On Syria and the ISIS, the support from Qatar is Janus-faced. Qatar has been supporting the fight against the ISIS, thereby the Assad regime as well. Whereas few Qatari individuals have been accused of supporting radical ideology, in helping the emergence and sustenance of radical groups such as the ISIS. As a result, Qatar’s position and role in the Syrian crisis could be viewed, according to who is writing the story. But Saudi Arabia complaining Qatar supporting extremism is pot and kettle story; at the international level, there is ample evidence for the role played by Saudi individuals in exporting terrorism. From Bin Laden to those 15 (out of 19) 9/11 are hijackers are sufficient enough to underline where the problem is in the Middle East.
With Iran, Qatar does not share the animosity that most of the other GCC countries have – especially Saudi Arabia. Qatar has a working relationship with Iran; both countries share one of the largest gas fields stretching over 9,000 sq kms. Qatar has also maintained diplomatic ties with Tehran and has been cautious in commenting on its internal developments within. However, the above relationship with Iran for Qatar is more pragmatic than anything based on principles or politics.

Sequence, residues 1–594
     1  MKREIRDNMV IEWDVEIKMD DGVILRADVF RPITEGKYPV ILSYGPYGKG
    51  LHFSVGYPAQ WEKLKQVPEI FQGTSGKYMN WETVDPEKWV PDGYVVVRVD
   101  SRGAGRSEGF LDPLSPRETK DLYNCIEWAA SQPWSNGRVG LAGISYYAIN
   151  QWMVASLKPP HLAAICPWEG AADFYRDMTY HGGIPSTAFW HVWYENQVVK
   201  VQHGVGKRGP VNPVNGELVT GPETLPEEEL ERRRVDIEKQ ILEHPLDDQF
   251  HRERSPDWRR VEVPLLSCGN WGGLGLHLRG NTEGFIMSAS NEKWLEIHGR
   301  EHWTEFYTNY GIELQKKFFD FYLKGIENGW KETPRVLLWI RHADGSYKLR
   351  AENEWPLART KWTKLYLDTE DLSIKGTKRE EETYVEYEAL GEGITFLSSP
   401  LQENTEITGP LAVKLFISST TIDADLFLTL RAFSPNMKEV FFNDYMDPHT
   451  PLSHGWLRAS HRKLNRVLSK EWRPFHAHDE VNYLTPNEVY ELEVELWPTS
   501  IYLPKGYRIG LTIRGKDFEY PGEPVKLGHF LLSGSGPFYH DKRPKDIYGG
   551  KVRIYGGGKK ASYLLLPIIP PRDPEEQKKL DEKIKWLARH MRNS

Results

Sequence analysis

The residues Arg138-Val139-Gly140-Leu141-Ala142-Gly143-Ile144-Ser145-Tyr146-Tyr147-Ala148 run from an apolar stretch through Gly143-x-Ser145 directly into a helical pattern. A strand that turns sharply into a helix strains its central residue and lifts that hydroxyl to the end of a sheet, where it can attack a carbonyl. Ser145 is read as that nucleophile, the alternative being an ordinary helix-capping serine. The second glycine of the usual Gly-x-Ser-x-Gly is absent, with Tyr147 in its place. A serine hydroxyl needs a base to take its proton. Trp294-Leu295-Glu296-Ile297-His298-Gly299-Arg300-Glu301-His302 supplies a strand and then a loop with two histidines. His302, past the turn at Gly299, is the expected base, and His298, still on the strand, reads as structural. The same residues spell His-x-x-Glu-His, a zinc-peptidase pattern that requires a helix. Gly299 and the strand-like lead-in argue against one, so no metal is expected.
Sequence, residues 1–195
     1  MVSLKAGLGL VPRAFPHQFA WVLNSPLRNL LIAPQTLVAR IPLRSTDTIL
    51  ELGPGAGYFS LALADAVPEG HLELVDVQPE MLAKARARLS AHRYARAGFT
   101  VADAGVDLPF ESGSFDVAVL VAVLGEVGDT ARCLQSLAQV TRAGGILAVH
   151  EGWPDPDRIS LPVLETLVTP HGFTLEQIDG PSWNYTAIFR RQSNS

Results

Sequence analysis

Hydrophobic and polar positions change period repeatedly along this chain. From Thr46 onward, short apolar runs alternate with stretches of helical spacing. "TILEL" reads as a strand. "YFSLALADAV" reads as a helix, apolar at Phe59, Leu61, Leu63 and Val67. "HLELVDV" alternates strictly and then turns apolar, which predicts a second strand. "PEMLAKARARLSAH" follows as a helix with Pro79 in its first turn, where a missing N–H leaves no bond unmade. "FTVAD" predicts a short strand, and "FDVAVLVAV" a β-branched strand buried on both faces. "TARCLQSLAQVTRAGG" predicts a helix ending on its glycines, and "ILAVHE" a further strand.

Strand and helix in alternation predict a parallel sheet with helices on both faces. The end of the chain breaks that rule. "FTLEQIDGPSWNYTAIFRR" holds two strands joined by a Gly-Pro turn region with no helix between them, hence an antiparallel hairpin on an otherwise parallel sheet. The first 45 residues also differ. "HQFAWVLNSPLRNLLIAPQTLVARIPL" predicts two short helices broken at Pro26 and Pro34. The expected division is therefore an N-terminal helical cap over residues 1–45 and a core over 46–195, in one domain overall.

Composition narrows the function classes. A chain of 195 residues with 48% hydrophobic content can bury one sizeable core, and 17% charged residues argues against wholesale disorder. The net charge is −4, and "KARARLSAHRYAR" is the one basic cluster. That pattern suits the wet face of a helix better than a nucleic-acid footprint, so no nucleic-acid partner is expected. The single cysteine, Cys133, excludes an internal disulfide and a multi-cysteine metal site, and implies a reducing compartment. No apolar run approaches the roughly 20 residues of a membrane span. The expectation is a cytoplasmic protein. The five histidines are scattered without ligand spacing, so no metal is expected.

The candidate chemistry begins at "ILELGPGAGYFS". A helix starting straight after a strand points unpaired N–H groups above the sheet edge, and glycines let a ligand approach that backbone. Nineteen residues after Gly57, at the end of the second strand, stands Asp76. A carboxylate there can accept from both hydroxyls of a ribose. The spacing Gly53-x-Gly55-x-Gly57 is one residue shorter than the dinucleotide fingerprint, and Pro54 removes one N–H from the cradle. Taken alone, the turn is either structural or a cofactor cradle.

The Story Behind
If complaints of Qatar supporting militant groups and extremism are exaggerated, what are the reasons behind the crisis? Where is the problem?
Clearly, Saudi Arabia. The Kingdom wants to become the Arab hegemon within the Muslim World. How can it allow Qatar, a small kingdom in one of its corners, pursue an independent foreign policy? Saudi Arabia perhaps prefers the other countries in the Gulf to be vassal states, as the UAE has been. With the recent visit of the American President and his own anti-Iran positioning, perhaps Saudi Arabia is over confident and willing to be adventurous.